Why Gray Is Indeed the New Blonde
By Jennifer Karchmer
April 26, 2015
Like many 30-something women alarmed at seeing a strand of gray shining out among my dark brown locks, I was dyeing my hair every six to eight weeks to hide from the inevitable. For about ten years, it was the cheap-o color in a box purchased at my local Rite Aid but occasionally I splurged at the hair salon with a professional color. My hair grows at the same pace either way and sure enough within 10 days, that gray stripe would emerge reminding me (nagging) to get to the drug store and pick up my “Nutmeg Shimmer” or “Mahogany Nights.”
Admittedly, the day after the dye, I loved my hair. It felt silky smooth and I received compliments on the color. Comments usually came from women, fellow 30-somethings all too familiar with the ritual of plastic gloves, plastic bottles, hair clips and of course, the face stain — the splash of color on your temple you missed as you sat with toxic chemicals on your head for 15 minutes.
For my 40th birthday, I let my hairdresser talk me into blond highlights — a huge step for this brunette who chose only natural dark brown to cover gray roots. I loved the color and enjoyed this next round of compliments, from women and men alike. It didn’t hurt that I also sent myself to Paris for a birthday milestone celebration.
Two weeks later, just like in my 30s, I was in the same boat. The gray stripe peeked out: “Hello Jennifer. I’m here — forever.” It was a new decade and so, I decided a new routine. I purchased my cheap-o brand one last time, as I grew tired of the monthly routine, staining my hands and sometimes the tub when it was time to wash it out.
Going natural was good for my pocketbook and my health, I figured. When I calculated the costs, during the past five years, I’ve saved close to $500-$800 and around 60–80 hours of time by eliminating hair coloring from my life. My mother died of cancer (lung and brain), so what was the point in soaking my head in chemicals? Mom had bleached her dark hair for years. In those days (1970s-80s), I think it was a mix of much harsher chemicals.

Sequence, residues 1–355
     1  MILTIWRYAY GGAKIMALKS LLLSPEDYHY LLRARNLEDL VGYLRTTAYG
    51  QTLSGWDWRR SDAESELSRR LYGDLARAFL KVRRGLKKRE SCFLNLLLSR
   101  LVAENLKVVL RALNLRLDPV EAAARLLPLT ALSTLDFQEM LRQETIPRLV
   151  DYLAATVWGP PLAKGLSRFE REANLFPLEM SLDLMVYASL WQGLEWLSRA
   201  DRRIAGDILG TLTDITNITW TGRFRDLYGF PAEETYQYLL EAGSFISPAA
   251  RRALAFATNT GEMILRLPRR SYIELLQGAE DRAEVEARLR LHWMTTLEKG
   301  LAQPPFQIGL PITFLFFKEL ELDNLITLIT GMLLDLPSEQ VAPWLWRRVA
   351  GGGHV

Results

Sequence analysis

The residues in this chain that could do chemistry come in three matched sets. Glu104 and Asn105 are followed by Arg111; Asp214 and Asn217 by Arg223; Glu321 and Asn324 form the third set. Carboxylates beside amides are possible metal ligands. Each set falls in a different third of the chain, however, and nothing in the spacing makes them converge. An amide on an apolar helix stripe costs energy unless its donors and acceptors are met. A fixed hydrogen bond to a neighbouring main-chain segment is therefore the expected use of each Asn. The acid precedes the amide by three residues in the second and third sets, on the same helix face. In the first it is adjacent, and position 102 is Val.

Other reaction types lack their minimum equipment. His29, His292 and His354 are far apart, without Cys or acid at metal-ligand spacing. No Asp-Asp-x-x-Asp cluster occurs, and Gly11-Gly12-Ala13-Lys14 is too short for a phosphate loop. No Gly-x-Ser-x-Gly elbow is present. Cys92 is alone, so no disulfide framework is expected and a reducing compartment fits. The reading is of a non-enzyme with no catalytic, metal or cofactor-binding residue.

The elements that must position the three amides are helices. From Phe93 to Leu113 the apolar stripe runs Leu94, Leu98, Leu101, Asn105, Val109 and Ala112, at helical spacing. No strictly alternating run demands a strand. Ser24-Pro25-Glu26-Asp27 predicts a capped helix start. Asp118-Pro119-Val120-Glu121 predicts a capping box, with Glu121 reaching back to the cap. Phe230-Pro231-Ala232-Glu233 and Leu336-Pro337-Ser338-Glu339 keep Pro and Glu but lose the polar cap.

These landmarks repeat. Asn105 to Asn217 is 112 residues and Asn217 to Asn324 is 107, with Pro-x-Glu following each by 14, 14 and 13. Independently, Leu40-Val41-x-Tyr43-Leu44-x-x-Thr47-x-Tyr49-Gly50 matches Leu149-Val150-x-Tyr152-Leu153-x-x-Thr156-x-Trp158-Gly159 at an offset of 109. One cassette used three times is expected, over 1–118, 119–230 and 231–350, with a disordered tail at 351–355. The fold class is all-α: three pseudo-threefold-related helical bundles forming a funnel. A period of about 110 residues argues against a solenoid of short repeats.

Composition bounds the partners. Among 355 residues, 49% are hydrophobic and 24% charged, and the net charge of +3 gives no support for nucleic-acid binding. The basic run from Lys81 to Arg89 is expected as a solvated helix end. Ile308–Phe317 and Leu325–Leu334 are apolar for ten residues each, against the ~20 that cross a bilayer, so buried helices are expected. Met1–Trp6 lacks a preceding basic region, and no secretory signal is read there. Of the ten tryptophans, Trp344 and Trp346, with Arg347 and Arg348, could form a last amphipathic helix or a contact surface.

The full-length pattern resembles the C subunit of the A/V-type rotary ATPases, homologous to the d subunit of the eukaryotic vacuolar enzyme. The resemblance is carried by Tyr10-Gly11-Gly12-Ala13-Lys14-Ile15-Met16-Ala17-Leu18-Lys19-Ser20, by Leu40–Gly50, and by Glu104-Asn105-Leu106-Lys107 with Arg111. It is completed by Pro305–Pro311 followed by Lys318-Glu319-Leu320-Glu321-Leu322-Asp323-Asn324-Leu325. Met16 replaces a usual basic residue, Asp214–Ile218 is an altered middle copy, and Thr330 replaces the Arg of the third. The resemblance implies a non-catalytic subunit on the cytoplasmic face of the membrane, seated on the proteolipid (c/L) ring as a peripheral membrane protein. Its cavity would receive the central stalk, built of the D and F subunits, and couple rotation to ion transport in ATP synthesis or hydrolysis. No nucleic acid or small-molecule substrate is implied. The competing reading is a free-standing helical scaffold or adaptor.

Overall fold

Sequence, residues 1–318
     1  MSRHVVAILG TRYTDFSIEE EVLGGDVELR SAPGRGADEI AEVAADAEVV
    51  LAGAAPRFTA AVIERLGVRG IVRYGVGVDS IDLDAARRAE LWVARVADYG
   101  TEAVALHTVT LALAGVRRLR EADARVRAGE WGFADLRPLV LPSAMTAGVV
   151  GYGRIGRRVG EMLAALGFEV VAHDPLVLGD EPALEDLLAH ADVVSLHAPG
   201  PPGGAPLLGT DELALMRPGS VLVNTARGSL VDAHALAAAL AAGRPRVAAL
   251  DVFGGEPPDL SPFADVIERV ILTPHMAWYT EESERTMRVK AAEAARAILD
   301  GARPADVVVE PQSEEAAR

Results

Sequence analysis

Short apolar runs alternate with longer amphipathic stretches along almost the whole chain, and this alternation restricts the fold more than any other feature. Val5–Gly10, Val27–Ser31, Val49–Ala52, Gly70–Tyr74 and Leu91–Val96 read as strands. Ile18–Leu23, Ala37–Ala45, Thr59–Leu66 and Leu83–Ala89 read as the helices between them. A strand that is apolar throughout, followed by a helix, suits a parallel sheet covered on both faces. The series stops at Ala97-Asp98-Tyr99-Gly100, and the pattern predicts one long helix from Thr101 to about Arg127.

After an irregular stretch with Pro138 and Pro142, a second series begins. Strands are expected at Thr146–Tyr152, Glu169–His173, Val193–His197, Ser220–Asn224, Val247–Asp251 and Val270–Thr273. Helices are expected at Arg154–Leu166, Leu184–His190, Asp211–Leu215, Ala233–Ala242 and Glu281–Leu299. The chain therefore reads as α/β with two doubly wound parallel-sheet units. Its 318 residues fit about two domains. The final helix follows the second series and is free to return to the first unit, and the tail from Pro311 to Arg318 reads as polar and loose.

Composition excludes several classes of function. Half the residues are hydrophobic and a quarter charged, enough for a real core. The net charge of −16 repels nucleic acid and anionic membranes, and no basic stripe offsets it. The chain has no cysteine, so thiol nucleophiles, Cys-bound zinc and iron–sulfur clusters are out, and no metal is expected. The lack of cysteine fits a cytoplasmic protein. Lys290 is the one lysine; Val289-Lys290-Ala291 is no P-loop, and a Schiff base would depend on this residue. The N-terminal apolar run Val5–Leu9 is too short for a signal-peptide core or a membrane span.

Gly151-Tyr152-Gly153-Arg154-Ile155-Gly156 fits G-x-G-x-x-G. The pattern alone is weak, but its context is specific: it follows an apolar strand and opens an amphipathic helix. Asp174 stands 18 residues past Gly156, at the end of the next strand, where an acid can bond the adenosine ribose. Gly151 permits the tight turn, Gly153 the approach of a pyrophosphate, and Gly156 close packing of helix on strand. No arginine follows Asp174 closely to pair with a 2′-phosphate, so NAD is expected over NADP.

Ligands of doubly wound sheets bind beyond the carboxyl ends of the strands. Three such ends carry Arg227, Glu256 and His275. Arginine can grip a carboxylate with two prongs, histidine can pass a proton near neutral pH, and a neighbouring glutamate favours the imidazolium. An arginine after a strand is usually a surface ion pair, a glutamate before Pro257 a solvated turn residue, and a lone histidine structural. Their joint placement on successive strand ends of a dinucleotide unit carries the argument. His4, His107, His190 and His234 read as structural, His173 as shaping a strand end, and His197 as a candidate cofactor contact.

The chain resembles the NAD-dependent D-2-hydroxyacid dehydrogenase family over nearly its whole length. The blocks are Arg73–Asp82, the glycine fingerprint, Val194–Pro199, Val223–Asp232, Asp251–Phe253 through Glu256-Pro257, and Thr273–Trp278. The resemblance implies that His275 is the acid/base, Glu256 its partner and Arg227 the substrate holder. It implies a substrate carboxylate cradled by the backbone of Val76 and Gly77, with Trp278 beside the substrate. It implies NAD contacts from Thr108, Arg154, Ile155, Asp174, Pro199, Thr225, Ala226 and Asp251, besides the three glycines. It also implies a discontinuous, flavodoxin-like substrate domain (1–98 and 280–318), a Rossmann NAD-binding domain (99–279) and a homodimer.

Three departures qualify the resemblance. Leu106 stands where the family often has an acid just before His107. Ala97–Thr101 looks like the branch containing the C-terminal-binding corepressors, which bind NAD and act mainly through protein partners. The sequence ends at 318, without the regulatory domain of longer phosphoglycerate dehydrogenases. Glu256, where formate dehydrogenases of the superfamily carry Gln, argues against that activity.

Going natural was good for my pocketbook and my health.
I had already shunned makeup years ago when I moved from New York to the Pacific Northwest where my lifestyle was more about being outdoors, rock climbing and hiking than sitting in a newsroom working on deadline as a TV journalist. So it wasn’t a huge step to stop the hair color. In fact, it made even more sense to me. I started looking more closely at everyone’s hair, on the bus, the train, walking down the street. I was on high alert for the gray stripe and saw it everywhere, the gray roots emerging from a dyed hair job. Is that what I looked like all those years when I got lazy and didn’t make it to the drug store soon enough to get my latest color in a box?
Going through the grow-out was frustrating. I impatiently awaited my natural color to emerge. I continued to get hair trims every 8 weeks and because I like my hair long, it took close to a year to see the stripe that delineated my masked/colored self and my natural self disappear.
I’ve been waiting for a young actress to play a movie role (Scarlett Johansson or Jennifer Lawrence perhaps?) that calls for silver or gray hair and the public goes wild for the new do clamoring for the color. A new look in the mainstream often creates a shift in our cultural perceptions of what’s hip. It’s like the “Dorothy Hammill” wedge cut of the 1970s or Jennifer Aniston’s iconic coif on “Friends,” known as “The Rachel.”
At 45, I’m happy with my hair color and natural locks. I don’t need permission, compliments or affirmation to wear my hair this way. At times I’ve considered doing color again and then balk. It would be only two weeks of luscious dark hair and then the gray stripe battle again. The upkeep is not worth it. I don’t wear my natural hair as a statement. It’s just that — natural, and more fun.
Jennifer Karchmer is an American journalist and writer who lives in Montpellier, France.
Originally published at www.jenniferkarchmer.com.